Jo’burg will make you cling to every single one of your gods. Every one of your spiritual guides, your ancestors, your vices. You’ll create rigid rituals for security and not even realise you’re doing it – but by then it’s too late. Routine has destroyed your delight.
There was a time – imaginary – when the air was clean, the streets were empty and you were content in flowers blooming and the stillness of nature. The church was a sanctuary, for even a Hindu like you. You go to your place for two seconds too long, and you realise that that place was never your home because it never existed – not outside your head at least.
“So, how is Jo’burg treating you? How’s the city?”
“Well, I’m new here.”
My bouts of spirituality come like a yawn or a sneeze – a bodily reaction to my environment. And when the environment is concrete and piss and “hey mami” and shouting and endless amounts of work that could make even Kafka cry – only your ancestors can help. And like in any unhappy home, the elders know how to provide a safe space and protection. Because they’ve been through worse.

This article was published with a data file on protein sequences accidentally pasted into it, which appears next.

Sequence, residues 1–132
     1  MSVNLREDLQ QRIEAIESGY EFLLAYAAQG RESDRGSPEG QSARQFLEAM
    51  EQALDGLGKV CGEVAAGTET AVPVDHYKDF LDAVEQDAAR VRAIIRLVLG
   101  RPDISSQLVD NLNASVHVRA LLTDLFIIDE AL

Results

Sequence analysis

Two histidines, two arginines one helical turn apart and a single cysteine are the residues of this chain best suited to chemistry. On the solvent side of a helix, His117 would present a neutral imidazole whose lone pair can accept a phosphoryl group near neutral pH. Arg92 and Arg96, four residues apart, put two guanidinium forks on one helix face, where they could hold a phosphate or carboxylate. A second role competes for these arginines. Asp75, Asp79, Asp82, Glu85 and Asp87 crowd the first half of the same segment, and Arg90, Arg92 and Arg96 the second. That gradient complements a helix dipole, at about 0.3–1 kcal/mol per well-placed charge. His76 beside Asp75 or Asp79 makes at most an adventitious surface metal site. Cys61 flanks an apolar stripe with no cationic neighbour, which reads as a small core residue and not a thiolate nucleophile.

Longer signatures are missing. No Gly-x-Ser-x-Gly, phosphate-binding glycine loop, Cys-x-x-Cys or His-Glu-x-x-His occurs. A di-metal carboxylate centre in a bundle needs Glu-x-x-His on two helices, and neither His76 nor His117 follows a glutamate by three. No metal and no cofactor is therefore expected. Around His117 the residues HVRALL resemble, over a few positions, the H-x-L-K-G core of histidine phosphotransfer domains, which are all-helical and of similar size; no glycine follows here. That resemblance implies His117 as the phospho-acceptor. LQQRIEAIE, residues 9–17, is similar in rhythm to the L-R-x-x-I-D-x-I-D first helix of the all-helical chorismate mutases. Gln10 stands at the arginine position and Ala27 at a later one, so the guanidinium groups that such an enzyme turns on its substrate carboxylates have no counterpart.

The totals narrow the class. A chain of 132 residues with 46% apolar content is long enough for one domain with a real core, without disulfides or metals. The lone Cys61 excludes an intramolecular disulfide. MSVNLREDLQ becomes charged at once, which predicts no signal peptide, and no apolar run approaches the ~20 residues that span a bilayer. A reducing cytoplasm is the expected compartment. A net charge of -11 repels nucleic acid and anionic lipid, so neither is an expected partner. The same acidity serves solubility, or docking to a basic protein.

Home is not…
In this realm
Don’t get me wrong. There’s no shame in feebly grasping at the idea of home as a form of comfort and nostalgia. The world is frightening, confusing and a little too dystopic these days. When it all becomes too much for me, I visit my aiya. I smell her baby powdered body and smile as she turns salt for me at the doorway. She’s a quiet, heavy presence. She’s making cabbage curry and rotis with just a pinch of sugar. It’s a windy day. The dust specks fly around the house and as they settle, I walk around. She’s burned temple incense and I know it’s time for prayer. We go to the room: light the lamp, kneel, pray. We leave with ash on our foreheads. She shouts at the cat (she thinks it’s evil but loves it nonetheless) and then we eat. She runs me a bath as I put the dishes away. As we get ready for bed, we gossip. I try on all her jewels and perfumes and play dress up. She says I look like her mother when she was younger. I massage her hard, bony hands and paint her nails. “Thank you,” I say. “You never need to thank me. You are enough thanks as you are,” she replies.
Home is a borderland, a conflicting zone. It’s where we learn things to unlearn. Don’t worry if home is painful. Make another one.
Youlendree Appasamy writes for various platforms including Ja magazine, where this piece was first published